Title: Phoenix family papers Creator: Phoenix family Inclusive dates: 1776-1884 Bulk dates: 1808-1814 Extent: 0.25 linear feet Abstract:
The Phoenix family papers contain correspondence and documents relating to the firm Phoenix, Ingraham & Nixon and its failure in 1811, resulting in Alexander Phoenix's imprisonment for debt. They also include 11 letters from Harriet Beecher to Elizabeth Phoenix, dating to the late 1820s and 1830s.
Language: The material is in English. Repository: William L. Clements Library, University of Michigan
909 S. University Ave. The University of Michigan Ann Arbor, MI 48109-1190 Phone: 734-764-2347 Web Site: www.clements.umich.edu
Alexander Phoenix was born in Morristown, N.J., on February 28, 1778, the son of Daniel Phoenix, a wealthy New York City merchant, and Elizabeth Platt, who died when Alexander was seven years old. He studied law at Columbia University, graduating in 1794, but only practiced law for four years before joining his father's mercantile firm, Phoenix, Ingraham, & Nixon. In 1807, he married Martha ("Patty") Ingraham, daughter of his partner, Nathaniel G. Ingraham. They had two children, Alexander and Elizabeth (c. 1810-1874), before Patty's death in 1810.
When the firm declared bankruptcy in 1811, after several of its ships were captured by the French, Phoenix, Nathaniel Ingraham, and William Nixon, Jr., were sent to debtor's prison for two years. After his release, Phoenix began to study theology. He married Elizabeth Tappan of Massachusetts in 1817, but she died soon after the birth of their only child, Rebecca. Phoenix remarried, this time to Sarah Strong, daughter of Massachusetts Governor Caleb Strong, in 1822; they had three children. In 1824, Phoenix was ordained a Congregational minister and installed in the church at Chicopee, Massachusetts. As pastor, he led a revival of the church, bringing many new members into the church. He remained there 11 years, then moved to a pastorate in New Haven, Connecticut, and eventually retired in Harlem, New York. He died on August 31, 1863.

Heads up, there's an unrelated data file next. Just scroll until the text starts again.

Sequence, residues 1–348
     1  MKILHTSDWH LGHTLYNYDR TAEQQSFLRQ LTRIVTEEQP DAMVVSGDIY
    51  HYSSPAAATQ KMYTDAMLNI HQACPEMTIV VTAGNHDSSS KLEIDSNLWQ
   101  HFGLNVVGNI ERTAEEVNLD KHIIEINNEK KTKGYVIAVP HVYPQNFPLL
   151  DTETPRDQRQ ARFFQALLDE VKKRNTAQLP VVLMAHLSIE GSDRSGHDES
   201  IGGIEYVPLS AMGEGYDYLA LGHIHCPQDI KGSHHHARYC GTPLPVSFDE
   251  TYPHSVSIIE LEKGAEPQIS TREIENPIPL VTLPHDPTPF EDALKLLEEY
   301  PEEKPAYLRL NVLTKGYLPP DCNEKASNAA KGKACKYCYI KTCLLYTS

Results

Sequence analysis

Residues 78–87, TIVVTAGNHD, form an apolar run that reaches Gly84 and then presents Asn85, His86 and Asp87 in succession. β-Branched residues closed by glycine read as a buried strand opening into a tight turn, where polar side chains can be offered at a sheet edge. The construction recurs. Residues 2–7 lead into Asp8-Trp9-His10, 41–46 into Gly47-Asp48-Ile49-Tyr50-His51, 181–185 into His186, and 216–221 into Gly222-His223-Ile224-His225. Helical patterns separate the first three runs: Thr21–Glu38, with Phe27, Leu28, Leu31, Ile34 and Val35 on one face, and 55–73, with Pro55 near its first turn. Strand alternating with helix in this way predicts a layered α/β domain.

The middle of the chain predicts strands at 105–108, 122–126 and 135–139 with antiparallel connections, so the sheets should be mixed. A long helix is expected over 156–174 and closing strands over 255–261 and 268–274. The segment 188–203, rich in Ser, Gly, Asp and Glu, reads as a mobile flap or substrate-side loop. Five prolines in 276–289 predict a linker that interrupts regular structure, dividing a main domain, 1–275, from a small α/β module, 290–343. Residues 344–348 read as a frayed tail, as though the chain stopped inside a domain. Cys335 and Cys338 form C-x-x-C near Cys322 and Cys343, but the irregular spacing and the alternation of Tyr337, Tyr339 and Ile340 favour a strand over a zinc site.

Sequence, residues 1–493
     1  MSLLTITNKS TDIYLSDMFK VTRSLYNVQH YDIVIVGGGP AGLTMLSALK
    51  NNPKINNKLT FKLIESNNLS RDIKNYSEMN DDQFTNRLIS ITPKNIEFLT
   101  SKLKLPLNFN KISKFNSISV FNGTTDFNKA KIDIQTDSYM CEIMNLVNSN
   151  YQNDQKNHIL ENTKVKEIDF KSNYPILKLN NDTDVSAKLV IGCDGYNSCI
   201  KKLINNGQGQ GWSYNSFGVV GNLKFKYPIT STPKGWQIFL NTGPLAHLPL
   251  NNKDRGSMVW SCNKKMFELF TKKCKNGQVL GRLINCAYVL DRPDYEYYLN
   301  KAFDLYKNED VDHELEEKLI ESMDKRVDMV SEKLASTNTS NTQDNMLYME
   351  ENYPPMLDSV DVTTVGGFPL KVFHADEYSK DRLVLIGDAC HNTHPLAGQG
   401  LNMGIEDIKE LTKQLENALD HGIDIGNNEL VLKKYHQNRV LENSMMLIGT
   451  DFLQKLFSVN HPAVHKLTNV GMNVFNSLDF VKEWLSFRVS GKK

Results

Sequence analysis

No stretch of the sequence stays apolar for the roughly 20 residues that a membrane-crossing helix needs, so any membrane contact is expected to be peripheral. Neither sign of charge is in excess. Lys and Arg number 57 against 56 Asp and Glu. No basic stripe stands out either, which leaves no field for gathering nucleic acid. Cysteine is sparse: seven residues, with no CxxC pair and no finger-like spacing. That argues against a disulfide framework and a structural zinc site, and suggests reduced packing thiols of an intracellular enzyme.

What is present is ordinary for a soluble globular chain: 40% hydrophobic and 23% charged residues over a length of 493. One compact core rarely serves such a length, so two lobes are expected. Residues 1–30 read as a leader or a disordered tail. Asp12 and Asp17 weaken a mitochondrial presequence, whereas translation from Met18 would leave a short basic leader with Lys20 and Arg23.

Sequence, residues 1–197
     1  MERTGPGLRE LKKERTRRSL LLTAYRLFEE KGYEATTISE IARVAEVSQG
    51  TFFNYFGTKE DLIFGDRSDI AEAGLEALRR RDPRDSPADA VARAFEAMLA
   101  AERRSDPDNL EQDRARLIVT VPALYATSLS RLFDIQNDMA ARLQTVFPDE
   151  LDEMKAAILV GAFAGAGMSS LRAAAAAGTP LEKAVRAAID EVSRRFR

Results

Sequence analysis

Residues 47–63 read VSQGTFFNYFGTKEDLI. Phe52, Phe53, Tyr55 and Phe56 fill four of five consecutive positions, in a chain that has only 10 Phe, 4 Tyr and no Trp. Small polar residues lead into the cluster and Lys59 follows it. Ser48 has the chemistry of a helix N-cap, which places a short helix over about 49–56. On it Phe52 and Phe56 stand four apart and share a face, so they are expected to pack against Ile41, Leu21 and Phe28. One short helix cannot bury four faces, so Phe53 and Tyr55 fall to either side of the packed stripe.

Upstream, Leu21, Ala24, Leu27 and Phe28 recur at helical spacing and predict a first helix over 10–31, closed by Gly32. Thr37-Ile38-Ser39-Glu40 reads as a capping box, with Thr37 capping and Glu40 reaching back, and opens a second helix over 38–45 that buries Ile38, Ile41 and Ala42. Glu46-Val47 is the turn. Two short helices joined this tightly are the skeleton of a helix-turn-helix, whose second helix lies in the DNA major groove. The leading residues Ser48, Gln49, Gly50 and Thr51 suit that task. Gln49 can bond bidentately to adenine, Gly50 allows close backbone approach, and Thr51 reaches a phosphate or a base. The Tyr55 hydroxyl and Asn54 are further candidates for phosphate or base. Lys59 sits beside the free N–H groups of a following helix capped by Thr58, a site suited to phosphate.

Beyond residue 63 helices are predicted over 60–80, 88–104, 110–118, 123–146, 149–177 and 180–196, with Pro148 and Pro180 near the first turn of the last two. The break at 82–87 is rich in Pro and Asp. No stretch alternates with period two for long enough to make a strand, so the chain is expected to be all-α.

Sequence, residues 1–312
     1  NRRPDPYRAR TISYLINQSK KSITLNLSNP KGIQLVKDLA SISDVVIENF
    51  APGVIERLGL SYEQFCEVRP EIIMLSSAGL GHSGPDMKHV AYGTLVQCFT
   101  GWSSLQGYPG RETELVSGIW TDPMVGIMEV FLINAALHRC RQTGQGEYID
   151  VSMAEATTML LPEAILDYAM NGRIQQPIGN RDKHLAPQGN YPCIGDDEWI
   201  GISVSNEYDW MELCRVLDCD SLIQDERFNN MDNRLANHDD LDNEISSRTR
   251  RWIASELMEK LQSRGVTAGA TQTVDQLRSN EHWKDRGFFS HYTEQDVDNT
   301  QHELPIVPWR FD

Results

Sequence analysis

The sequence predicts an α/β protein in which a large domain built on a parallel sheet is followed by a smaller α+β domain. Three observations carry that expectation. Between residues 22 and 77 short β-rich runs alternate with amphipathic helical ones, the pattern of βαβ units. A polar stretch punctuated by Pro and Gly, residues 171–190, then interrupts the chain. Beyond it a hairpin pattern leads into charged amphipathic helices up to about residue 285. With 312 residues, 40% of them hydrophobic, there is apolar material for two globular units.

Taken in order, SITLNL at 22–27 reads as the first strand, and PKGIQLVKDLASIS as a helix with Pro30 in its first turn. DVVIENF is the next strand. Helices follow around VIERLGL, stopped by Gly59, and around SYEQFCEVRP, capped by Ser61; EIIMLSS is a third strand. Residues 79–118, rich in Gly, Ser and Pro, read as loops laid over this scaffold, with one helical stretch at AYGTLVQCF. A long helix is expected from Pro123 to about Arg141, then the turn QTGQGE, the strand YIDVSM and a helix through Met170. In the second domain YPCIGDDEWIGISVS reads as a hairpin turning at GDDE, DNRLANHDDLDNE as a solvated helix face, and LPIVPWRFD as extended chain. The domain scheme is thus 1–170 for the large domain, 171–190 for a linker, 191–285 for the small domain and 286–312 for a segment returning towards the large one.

Phoenix's daughter Elizabeth attended Catharine Beecher's school, the Hartford Female Seminary, in the 1820s, where she befriended Harriet Beecher, with whom she would correspond for the next decade. In 1838, she married lawyer Edgar Ketchum, and they had at least five children.
The Phoenix family papers consist of 67 letters, 32 legal documents, 10 financial records and receipts, 2 drawings of land lots, and a printed bill. The materials span 1776-1884, though the bulk centers on the periods between 1808 and 1814, and 1826 and 1833. Early letters and documents relate primarily to the firm Phoenix, Ingraham, & Nixon. They include a letter from Alexander Hamilton to Nathaniel G. Ingraham, denying him financial assistance because of other obligations (March 5, 1801); the firm's articles of agreement (February 15, 1803); and 27 letters written by Nathaniel Ingraham to Alexander Phoenix concerning business acquaintances and hardships faced by the company, and its eventual bankruptcy (1810-1811). A document of October 11, 1811, gives a full account of the firm's losses.
Between November 1811 and March 1813, nearly all of the 20 letters and documents relate to attempts to free Phoenix from debtors' prison; his attorney, Silvanus Miller, wrote many of them. Also of interest is a manuscript, dated November 1811, containing copied extracts from letters by Phoenix during his imprisonment. In several of the letters, he criticized Albert Gallatin, the Secretary of the Treasury, and discussed other political matters. A copy of a congressional act of March 3, 1813, documents the release of Phoenix and several associates.
Of note is a series of 11 letters written to Phoenix's daughter, Elizabeth, by a young Harriet Beecher in the late 1820s and early 1830s. Many of the letters are undated, but can be traced to this period based on their postmarks. Beecher and Phoenix had been schoolmates at Hartford Female Seminary around 1823, and in her letters, Beecher frequently reminisced about their time at the school, including how strange she must have seemed to the other girls, and discussed mutual friends. Much of Beecher's correspondence is very introspective in nature, and consists of her religious and philosophical thoughts, including a recommendation that Phoenix read the works of Joseph Butler in order to develop her argumentation. Several of the later letters include postscripts written by Catharine Beecher, Elizabeth's teacher in Hartford. A letter of June 11, 1833, mentions their plans to open a "small school" in Cincinnati, where they had moved with their father, Lyman Beecher. Overall, the letters shed light on Harriet Beecher's intellectual and religious development during her young adulthood.
Several items postdate 1836; two of these relate to the estates of Alexander Phoenix and Shearjushub Bourne, a relative of Edgar Ketchum. Two other documents, located in the "Miscellany" series, illustrate land lots.